Cold weather trends managed to sustain a substantive cash rally into a second straight day for the first time in more than a week Thursday. Even a 3.4-cent retreat by December futures a day earlier failed to keep prices from rising by double digits at most points again.

A few flat to about a nickel lower quotes, all related to the New England market, were left out of gains ranging from about a nickel to a quarter or so. The biggest increases were concentrated in the Midcontinent and Rockies.

The Energy Information Administration pretty well met consensus expectations in reporting a storage injection of 67 Bcf for the week ending Oct. 29, although estimates by some analysts were as much as 10 Bcf lower and as much as 9 Bcf higher. Probably because the addition so greatly exceeded the year-ago volume of 28 Bcf and the five-year average of 27 Bcf, Nymex traders initially took a bearish view in sending December futures lower, but the contract recovered just enough to post a meager daily gain of 2 cents (see related story).

Despite one of the heftier increases at the Chicago citygate, where sub-freezing lows are beginning to show up, IntercontinentalExchange (ICE) said Chicago volumes on its trading system plummeted from 915,800 MMBtu Wednesday to 777,800 MMBtu Thursday.

The Weather Channel said an upper-atmosphere trough will nosedive southward through much of the East to end the work week and start the weekend, bringing enough cold air to produce snow in some locations and cause the season’s first freeze in others. The trough will reach the South, leaving highs in the 70s temporarily just a memory for much of the region, although parts of the Texas end will manage to climb barely above 70 Friday.

The Rockies can expect to see above-normal temperatures continue a while longer, while conditions will largely be season for the rest of the western U.S. and Canada.

After slipping to a tropical depression, Tomas was back up to tropical storm status Thursday. Although Tomas still looked capable of brushing the extreme eastern ends of Jamaica and Cuba, Haiti appeared to remain its primary target. There was still no concern for worry about Gulf of Mexico production.

Although they weren’t reflected in Thursday’s market, two major pipelines signaled the imminence of milder weather returning. Northern Natural Gas will begin at least three days of System Underrun Limitations Saturday because of warming trends in its Upper Midwest market area. And Florida Gas Transmission said that because of “very mild weather” forecasted for its Florida market area over the next several days and linepack exceeding target levels, it may need to issue an Underage Alert Day on an upcoming gas day if linepack becomes too high.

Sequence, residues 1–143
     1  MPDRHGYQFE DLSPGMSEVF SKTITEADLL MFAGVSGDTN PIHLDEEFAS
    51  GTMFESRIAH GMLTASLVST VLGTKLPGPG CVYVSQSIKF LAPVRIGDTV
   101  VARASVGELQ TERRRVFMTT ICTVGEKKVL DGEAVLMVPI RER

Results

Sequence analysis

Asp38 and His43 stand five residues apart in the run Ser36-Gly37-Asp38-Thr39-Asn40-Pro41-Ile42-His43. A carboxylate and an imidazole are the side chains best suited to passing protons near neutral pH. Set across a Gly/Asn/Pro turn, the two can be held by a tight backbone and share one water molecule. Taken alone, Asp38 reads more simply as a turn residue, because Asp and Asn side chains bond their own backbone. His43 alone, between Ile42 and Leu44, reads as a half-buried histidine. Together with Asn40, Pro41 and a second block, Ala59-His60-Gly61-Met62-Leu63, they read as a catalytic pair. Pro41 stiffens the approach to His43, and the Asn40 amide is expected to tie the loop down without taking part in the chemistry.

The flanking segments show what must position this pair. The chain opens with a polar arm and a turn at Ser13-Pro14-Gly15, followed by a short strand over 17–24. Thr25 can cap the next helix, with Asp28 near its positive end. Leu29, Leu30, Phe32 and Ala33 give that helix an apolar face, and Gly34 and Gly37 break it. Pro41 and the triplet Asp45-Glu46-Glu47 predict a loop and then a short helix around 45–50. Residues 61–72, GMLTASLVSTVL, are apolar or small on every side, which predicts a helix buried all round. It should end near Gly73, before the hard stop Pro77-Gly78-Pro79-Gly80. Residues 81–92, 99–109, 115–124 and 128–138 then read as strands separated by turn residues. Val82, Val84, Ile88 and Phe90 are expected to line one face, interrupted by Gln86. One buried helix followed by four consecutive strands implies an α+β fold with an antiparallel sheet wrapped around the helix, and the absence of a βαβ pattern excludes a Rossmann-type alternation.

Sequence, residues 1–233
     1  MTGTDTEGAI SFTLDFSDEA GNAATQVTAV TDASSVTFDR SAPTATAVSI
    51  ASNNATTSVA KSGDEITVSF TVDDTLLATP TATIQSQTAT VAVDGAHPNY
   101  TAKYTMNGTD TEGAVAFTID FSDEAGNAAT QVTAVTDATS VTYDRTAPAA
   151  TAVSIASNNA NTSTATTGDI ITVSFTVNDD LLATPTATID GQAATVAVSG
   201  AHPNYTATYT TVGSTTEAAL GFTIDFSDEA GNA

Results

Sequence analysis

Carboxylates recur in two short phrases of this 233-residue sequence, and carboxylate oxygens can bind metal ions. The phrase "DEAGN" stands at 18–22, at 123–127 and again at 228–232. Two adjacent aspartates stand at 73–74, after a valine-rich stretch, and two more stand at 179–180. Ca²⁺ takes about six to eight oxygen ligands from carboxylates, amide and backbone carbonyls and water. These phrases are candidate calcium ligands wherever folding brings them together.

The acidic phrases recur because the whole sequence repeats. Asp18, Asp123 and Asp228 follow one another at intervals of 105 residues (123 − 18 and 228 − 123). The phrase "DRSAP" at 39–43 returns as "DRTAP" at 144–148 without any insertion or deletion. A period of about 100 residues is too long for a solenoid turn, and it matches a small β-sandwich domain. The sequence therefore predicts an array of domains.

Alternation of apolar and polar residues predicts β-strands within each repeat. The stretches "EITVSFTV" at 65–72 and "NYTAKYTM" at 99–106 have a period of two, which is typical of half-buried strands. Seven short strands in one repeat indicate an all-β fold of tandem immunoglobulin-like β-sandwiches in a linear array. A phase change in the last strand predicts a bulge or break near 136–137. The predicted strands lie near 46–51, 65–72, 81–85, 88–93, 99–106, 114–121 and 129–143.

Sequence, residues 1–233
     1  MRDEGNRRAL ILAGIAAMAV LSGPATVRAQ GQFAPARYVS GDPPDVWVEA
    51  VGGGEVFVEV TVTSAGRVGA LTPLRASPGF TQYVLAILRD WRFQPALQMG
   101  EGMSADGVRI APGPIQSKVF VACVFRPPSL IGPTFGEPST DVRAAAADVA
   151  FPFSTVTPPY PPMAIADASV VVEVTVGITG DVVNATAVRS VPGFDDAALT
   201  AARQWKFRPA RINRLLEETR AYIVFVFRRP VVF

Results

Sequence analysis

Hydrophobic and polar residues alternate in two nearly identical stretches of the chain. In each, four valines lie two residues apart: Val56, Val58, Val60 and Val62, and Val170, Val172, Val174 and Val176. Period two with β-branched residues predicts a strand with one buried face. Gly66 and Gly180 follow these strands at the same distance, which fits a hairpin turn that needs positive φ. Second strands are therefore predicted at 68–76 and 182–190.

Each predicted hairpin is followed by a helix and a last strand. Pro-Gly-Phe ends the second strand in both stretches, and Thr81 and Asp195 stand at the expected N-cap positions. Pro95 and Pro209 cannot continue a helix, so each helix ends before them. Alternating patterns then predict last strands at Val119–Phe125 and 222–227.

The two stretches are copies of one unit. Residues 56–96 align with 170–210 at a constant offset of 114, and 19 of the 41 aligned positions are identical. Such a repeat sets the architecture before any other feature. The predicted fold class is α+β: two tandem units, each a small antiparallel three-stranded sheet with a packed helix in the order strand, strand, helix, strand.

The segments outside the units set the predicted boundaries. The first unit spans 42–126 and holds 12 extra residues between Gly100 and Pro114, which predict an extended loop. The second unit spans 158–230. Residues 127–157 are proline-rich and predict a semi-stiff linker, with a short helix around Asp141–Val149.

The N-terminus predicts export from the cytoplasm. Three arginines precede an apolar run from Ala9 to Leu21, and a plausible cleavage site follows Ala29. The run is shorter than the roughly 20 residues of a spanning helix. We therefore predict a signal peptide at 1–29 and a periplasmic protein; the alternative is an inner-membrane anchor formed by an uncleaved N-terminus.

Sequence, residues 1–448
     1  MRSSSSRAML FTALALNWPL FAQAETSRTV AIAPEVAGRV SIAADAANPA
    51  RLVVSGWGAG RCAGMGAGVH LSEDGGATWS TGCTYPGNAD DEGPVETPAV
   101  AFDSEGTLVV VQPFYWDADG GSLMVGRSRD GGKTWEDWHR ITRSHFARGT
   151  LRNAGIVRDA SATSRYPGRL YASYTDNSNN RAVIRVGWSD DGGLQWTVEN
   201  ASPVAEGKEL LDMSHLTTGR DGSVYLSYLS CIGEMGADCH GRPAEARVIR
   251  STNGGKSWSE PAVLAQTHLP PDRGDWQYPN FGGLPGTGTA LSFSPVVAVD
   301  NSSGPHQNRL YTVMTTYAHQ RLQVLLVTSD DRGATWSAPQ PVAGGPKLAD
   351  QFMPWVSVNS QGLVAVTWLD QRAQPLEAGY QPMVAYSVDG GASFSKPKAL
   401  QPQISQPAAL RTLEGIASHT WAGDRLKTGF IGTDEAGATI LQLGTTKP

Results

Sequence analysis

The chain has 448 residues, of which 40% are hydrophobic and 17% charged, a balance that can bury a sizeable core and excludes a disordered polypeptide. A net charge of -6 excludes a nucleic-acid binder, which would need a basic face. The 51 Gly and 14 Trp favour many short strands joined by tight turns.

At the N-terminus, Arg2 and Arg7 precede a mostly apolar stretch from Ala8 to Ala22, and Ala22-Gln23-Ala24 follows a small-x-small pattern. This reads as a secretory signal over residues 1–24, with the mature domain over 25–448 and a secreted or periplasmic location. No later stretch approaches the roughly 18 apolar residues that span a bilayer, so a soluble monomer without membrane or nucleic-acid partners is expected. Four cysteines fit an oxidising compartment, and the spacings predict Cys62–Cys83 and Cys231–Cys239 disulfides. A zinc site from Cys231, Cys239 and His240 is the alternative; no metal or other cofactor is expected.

A Texas-based marketer noted a fall-off in futures right after the storage report came out, but the December contract was able to claw its way back up to slightly positive territory. Cash numbers tended to trail off a bit as trading proceeded, but most physical gas had finished trading by the time the report was issued around mid-morning.

The cash market almost certainly will be down Friday, he said, pointing to the warming trends in many areas, the usual weekend decline of industrial load and the bearish nature of another big storage build that handily exceeded historical comparisons. At least people are “a little less on edge now” that the industry has had a spell of cold weather to take some pressure off high production and storage inventories.

The marketer said his company’s shale gas purchases are primarily from the Marcellus play. He was wondering how long it will be before production will peak there but said with output in much longer-established plays like the Barnett Shale still rising, he guessed it will be a long way off before declines start showing up in the Marcellus.

Overnight and morning lows are currently getting a little below freezing, “but it doesn’t feel all that bad,” said a Midwest utility buyer. And despite an occasional frost this week, warmer temperatures are no further away than the weekend, she said.

The utility experienced its lowest volume of October gas sales in 30 years because of the mild weather, the buyer continued, and it still is not seeing any appreciable increases in gas demand so far in November. She reported having anticipated Northern Natural’s System Underrun Limitations because of the forecasts for warmer weather.

A Midcontinent producer confessed to having “just lit my furnace” Wednesday morning. He said his chief market hassle currently was OGT not allowing gas to come in from some off-system pipes (his company is holding some gas on Southern Star Central). OGT is claiming that it’s due to high pressures, he said, but he deplores intrastate marketing affiliates because “they always seem to have the supply when prices run up and everyone else can’t fill the markets.”

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